This is the second article about culture at the Orchid Project. The vital topic of temperatures.

We run our greenhouse at a range of temperatures to allow us the grow a diverse range of species and each section is based on one or two of the habitats we have experienced on our expeditions to South and Central America, the Himalayas, South East Asia and Africa.

Temperatures are related to both the altitude and latitude of the habitats we are recreating so in simple terms it gets cooler as you climb a mountain or travel away from the equator. At 3000m altitude at the top of Mount Bigugu in Rwanda (on the equator) it is cool but not freezing in the winter with Erica scrub and orchids such as Disa starsii and Polystchya spatella (below)

 

At 3000m in Sikkim in March 3000m is a cool place with the snow not much higher up the mountains and the only orchids are hidden away under the snow or like Pleione hookeriana, leafless and buried in deep moss on tree trunks.

 Lachung at 3000m Sikkim and snow at 3700m at Yumthang 

Of course we have also been to some very hot places with lowland Guatemala in July probably the hottest with the temperature at night falling to around 28C and the day time temperature in the high 30s.

 Hot work collecting orchid data in Guatemala near Yaxha.

The next key to temperatures in greenhouses is to consider both the minimum temperature and the temperature at which the vents open. This does not give a maximum temperature but does significantly affect the day temperature during much of the year.

We have five distinct section and I will give our minimum and vent open temperatures for these as well as the habitats we feel these sections replicate from our expeditions.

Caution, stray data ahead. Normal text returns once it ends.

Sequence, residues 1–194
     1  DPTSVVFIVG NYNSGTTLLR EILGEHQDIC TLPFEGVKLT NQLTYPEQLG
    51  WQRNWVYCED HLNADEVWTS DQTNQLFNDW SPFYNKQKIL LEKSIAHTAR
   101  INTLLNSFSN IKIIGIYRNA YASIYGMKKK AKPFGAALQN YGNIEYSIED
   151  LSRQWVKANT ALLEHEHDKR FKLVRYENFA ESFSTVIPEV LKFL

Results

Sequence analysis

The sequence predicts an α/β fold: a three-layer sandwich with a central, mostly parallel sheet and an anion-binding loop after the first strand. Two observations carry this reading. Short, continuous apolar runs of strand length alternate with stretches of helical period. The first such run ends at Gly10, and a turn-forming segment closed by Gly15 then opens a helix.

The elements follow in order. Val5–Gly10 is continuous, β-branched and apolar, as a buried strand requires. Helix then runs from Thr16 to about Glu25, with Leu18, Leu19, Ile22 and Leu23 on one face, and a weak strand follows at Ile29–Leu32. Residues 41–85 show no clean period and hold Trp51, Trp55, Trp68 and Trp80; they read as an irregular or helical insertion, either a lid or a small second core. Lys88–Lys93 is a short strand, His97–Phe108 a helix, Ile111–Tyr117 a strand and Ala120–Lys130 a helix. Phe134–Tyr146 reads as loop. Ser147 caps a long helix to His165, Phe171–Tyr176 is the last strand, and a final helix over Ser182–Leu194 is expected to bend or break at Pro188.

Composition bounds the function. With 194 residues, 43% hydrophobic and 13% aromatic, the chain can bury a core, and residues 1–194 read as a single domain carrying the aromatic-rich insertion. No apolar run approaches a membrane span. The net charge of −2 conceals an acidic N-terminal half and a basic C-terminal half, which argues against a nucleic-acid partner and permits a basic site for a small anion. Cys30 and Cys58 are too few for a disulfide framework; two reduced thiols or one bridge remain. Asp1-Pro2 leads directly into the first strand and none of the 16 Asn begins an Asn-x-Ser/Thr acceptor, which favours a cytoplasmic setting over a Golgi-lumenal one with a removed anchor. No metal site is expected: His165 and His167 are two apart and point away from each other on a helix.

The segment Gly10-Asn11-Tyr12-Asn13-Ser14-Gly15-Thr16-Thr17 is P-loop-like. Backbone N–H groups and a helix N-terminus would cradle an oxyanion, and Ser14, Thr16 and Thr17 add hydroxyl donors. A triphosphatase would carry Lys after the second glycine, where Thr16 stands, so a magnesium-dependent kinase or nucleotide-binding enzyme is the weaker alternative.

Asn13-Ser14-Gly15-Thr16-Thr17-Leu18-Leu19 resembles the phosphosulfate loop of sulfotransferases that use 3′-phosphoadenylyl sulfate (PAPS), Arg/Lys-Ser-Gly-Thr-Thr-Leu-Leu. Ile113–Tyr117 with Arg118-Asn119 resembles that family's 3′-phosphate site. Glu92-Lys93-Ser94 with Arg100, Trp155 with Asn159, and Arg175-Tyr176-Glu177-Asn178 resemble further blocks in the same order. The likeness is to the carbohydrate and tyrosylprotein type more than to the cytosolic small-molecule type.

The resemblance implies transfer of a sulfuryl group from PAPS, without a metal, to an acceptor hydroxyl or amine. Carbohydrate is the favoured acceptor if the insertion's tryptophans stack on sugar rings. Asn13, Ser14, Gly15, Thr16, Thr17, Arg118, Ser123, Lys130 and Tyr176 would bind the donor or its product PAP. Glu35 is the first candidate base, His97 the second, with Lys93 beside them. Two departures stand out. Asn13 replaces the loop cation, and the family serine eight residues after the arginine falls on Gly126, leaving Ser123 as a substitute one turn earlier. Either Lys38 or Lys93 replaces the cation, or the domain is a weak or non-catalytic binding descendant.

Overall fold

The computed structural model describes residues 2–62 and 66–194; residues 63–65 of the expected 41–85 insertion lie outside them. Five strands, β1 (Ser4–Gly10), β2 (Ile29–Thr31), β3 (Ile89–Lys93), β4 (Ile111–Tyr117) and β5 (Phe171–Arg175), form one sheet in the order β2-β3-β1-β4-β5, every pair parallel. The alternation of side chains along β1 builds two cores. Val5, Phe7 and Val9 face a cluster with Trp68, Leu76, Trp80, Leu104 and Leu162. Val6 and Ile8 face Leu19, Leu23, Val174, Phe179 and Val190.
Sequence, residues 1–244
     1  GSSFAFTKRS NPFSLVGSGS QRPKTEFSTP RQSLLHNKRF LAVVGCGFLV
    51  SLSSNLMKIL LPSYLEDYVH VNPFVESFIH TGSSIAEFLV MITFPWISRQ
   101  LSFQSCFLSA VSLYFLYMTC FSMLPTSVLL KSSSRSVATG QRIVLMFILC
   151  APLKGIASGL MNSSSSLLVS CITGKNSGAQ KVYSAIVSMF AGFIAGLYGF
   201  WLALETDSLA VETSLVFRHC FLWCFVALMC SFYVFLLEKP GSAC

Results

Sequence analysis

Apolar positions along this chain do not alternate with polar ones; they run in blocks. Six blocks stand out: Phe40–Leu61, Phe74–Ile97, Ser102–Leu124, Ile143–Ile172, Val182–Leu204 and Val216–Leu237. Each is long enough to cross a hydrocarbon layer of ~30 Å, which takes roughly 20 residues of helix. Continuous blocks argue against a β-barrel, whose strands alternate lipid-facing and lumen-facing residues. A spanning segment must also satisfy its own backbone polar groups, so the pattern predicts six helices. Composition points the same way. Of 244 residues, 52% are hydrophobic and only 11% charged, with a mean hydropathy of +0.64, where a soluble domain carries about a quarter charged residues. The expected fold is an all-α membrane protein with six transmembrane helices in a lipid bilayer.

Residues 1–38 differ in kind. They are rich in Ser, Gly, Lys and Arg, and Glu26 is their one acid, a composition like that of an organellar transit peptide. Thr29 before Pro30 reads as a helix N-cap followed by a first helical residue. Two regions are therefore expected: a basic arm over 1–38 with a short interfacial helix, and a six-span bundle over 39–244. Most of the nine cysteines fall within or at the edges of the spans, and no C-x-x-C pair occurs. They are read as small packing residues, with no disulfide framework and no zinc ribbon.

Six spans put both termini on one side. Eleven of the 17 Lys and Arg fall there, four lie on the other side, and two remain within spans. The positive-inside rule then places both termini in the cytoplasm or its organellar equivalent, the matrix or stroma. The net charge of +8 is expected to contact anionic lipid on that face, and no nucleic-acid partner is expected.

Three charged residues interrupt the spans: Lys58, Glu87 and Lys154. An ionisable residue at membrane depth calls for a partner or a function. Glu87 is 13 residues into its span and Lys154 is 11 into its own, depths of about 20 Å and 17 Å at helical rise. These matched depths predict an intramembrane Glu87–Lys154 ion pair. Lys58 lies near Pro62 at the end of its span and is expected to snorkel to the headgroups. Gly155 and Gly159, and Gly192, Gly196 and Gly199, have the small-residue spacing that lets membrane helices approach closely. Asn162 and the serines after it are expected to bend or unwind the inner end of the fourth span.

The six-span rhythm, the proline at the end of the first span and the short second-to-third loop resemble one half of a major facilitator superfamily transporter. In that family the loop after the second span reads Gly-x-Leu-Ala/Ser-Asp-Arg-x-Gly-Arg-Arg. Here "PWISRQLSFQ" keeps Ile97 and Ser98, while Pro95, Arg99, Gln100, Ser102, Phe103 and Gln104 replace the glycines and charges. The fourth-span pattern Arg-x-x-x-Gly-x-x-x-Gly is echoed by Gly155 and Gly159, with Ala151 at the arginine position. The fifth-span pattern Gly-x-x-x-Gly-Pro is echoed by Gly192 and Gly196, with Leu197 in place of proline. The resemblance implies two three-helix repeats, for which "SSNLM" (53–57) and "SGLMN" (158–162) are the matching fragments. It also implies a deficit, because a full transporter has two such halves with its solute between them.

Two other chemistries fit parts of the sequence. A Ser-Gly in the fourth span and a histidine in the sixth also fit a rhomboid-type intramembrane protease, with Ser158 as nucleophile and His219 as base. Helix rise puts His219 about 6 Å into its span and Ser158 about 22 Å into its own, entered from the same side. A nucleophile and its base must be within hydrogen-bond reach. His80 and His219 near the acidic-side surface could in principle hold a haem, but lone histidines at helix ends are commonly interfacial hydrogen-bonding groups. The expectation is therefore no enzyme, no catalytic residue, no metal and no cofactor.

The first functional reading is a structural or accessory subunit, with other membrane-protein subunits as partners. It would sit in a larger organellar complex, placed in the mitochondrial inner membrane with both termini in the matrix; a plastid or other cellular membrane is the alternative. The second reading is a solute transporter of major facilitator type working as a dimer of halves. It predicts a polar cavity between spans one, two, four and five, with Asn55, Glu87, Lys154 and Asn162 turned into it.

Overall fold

Section Minimum

temp C

Vents

Open C

Habitats
Temperate 6 10 Native British orchids, High Himalayas (above 2500m) South Africa,
Cool Americas 12 18 Cloud forests – Brazil Mata Atlantica (above 1000m), Costa Rica around 1400m. Above 2200m Rwanda.
Warm Americas 16 24 Below 1000m in Guatemala, Belize and Brazil
Warm Asia 18 26 Below 1000m Sikkim Arunachal Pradesh, Below 1200m Laos. Below 2000m Rwanda
Cool Asia 10 17 Above 1500m Sikkim Arunachal Pradesh.

Temperate – Here we grow Cymbidiums, Coelogynes, Pleiones, Native species and Australian Species  – The vents are open most days even in the winter giving this section a very fresh feel. We shade above 400W/m2 and water heavily in the summer but a less in the winter. Several species here grow cooler than many books recommend but we find that the plants flourish in these cool airy conditions. In the summer we leave the door open in hot June/july weather but do not worry to much about high temperatures (regularly above 30C) as we keep plants very wet.

Cool Americas – A wide range of species from the mountains of Central and South Americas (as well as a few from Africa) Shady damp and cool is the target. Plants are packed in and help to maintain their own humidity and cool conditions. We find niches for plants that enjoy deeper shade or more light by hanging high or low in the greenhouse.

Warm Americas – This is not a very warm section as most Cattleya species do come from mountains but below 1000m. This section is brightest reflecting our experience of forests in Guatemala (shade above 500w/m2

Warm Asia – Our warmest section at 18C is not warm enough for some heat loving lowland species but matches the lowland forests we have seen in the Himalayas and south East Asia. The majority of tropical diversity is not found in very hot lowland forests and this is probably due to the impact of the ice ages when the global climate dries and tropical forests retreat to mountain rufugia.

Cool Asia – Is where we grow the majority of our Himalayan species (from 1000-2500m altitude), Coelogynes, dendrobiums and cool growing species from other areas such as the mountains of Madagascar that experience similar cool tropical conditions.